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Re: Rethink CRLs

At 12:24 AM 8/15/96 -0400, Carl Ellison wrote:
>At 10:13 AM 8/15/96 +1000, Michael Warner wrote:
>>There is some curiosity value to a human, but the reaction for all three
>>should probably be the same.   If you suspect a key has been compromised,
>>you cease to use it.   Even if you "get it back", the fact that it was "in
>>the hands of the enemy" means it should be considered compromised.
>>In which case the behaviour you wish to encourage by issuing CRLs in the 
>>above three examples are:
>>1) don't trust the certificate after <date>
>>2) don't trust the certificate after <date1>
>>3) don't trust the certificate after <creation-date>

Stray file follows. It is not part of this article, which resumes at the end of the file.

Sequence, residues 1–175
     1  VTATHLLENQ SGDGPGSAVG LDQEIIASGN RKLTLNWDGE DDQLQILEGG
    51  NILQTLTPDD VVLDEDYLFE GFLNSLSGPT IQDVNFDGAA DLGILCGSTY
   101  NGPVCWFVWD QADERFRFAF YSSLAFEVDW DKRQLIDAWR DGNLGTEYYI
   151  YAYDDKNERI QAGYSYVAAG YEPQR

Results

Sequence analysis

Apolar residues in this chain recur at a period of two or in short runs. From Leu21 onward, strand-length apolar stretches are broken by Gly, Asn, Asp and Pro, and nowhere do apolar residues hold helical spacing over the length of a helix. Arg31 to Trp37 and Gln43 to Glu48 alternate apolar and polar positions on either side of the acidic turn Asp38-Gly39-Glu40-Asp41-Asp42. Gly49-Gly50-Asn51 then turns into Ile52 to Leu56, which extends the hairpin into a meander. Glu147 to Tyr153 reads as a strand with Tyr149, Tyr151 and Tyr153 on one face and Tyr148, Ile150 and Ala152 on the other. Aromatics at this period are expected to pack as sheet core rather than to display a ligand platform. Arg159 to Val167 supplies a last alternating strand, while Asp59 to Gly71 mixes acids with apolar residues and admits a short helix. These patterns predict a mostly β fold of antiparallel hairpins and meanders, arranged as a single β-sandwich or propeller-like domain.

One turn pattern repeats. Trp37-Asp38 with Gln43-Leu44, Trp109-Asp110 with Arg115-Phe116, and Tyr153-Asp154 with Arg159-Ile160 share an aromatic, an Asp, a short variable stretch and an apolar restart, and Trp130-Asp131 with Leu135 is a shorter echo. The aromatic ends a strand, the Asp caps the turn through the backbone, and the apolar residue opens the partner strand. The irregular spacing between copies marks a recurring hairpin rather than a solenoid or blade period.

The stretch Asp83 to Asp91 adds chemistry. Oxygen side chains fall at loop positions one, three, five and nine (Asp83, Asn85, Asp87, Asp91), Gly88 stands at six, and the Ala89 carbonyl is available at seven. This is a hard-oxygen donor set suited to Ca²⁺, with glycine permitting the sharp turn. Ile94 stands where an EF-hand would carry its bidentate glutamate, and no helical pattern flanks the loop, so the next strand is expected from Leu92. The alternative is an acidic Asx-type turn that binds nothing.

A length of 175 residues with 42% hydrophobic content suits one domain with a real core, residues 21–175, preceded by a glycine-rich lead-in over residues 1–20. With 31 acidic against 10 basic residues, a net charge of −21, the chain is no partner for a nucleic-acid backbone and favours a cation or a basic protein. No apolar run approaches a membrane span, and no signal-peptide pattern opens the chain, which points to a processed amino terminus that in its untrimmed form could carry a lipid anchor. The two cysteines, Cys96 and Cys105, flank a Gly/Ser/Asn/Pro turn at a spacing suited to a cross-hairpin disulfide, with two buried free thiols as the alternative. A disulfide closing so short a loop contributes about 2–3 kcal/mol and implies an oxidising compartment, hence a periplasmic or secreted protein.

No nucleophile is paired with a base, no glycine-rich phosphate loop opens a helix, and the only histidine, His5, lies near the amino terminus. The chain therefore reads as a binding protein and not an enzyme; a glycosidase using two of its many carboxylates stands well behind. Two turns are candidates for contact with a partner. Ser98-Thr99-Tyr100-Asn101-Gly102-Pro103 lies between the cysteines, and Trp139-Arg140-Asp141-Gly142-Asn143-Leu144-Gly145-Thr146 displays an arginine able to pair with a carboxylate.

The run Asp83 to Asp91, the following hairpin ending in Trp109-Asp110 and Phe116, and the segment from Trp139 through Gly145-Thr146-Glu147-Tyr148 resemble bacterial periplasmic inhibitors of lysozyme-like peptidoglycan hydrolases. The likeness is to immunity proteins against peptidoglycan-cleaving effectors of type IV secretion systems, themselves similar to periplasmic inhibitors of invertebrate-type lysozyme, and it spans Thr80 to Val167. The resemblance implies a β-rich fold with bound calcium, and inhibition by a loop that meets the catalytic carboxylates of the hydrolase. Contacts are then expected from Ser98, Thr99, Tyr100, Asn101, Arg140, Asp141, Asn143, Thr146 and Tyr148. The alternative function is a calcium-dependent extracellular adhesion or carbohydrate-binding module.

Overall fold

>>I believe this approach is both simpler to deal with, and also encourages
>>a more sensible security policy.
>I can buy your simplification -=- although I can imagine a real scenario
>under which (2) might be real.  That is, the private key is locked in a
>tamper-proof enclosure which is mislaid for a few days -- then turns up.
>[This happened with a US cipher device (SIGABA) during WW-II.]  Once you get
>it back, you can tell if there has been a tamper attempt.  The enemy might
>have had it or might not -- and *might* have used it during the period it
>was missing, but could not have copied the key.

I think I would like to view tamper-proof as really being tamper-resistant
and let the associated paranoia force me to insist on rekeying the box. 
Then we can say, for SPKI, that the reaction should be same for these 3

Bill Frantz       | Cave ab homine unius lebri | Periwinkle -- Consulting
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